Angiography or MR angiography may be necessary in patients suspected of vascular insufficiency at the recipient site.
The anterolateral thigh flap is largely supplied by the musculocutaneous (87%) or septocutaneous (13%) perforators of the descending branch of the lateral circumflex femoral artery (LCFA). Less commonly, the blood supply may occasionally be based on the trans-verse branch of the LCFA, in cases where the descending branch is absent or small.
The LCFA branches off the profunda femoris artery proximally and courses obliquely along the intermuscular septum between the rectus femoris and vastus lateralis muscles. Deep within the rectus femoris muscle, the LCFA divides into the ascending, transverse, and descending branches ( Fig. 42.1 ). Thirty-four percent of patients have an extra vessel in the ALT flap from the oblique branch of the LCFA, in the plane between the rectus femoris and the vastus lateralis. The descending branch usually courses inferiorly along the medial border of the vastus lateralis and gives off one or two dominant perforators (with a diameter of 0.3 mm to 0.8 mm) to supply the overlying fat and skin paddle of the thigh. The terminals of these lateral perforators also nourish the lateral femoral cutaneous nerve.
Most commonly (70% of patients), the descending branch does not divide, continues inferiorly along the intermuscular septum, and connects with the lateral superior genicular artery or profunda femoris artery ~ 3–10 cm above the patella.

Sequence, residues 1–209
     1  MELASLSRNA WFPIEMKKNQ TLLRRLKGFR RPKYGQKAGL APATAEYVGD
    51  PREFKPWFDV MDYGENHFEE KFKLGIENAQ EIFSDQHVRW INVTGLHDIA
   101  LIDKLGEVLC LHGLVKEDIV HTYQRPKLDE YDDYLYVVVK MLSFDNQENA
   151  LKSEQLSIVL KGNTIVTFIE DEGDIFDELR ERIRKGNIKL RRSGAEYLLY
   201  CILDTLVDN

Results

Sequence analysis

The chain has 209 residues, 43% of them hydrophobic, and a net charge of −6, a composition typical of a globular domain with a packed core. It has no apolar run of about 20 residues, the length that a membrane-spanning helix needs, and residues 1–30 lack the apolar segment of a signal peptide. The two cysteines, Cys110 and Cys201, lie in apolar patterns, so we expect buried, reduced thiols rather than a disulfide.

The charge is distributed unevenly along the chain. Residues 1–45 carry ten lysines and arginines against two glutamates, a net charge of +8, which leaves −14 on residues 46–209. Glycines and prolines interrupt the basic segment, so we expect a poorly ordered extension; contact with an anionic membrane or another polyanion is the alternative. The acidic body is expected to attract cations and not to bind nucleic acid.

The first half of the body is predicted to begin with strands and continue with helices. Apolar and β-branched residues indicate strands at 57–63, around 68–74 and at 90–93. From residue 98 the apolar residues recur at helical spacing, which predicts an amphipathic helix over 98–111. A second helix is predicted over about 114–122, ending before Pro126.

The diameter of the LCFA ranges from 1.5 to 4 mm, and the average length of the descending branch is 7.6 cm, ranging from 4 cm to 14 cm. The descending branch may be dissected to be longer by ligating the transverse and rectus femoris branches. Routinely, two venae comitantes exist with the descending branch, measuring between 1.5 and 4.5 mm in diameter, which allow venous drainage of the flap.
The sensory nerve (lateral femoral cutaneous nerve) of ALT flap pierces the muscle fascia 10 cm below the inguinal ligament medial to the tensor fasciae latae muscle. The motor nerve innervates the vastus lateralis muscle.
Under general anesthesia, the patient is placed in the supine position with the affected arm on a hand table.
A tourniquet is applied to the proximal arm at a pressure of 250 mm Hg.
The lower extremity (donor site) is disinfected and draped well.
The ALT flap can be approached using either a medial or lateral incision. More than 50% of perforators are located at the midpoint of the line between the anterior superior iliac spine (ASIS) and the superior lateral border of the patella ( Fig. 42.2 ). The pedicle of the ALT flap courses between the rectus femoris and vastus lateralis muscles.
Versatility in design, including multiple variations
Ability to provide sensory innervation (via suprafascial dissection)
Ease of harvest with relatively consistent anatomy
Decreased operative time with a two-team approach
Lack of significant donor-site morbidity even if the motor nerve to vastus lateralis is sacrificed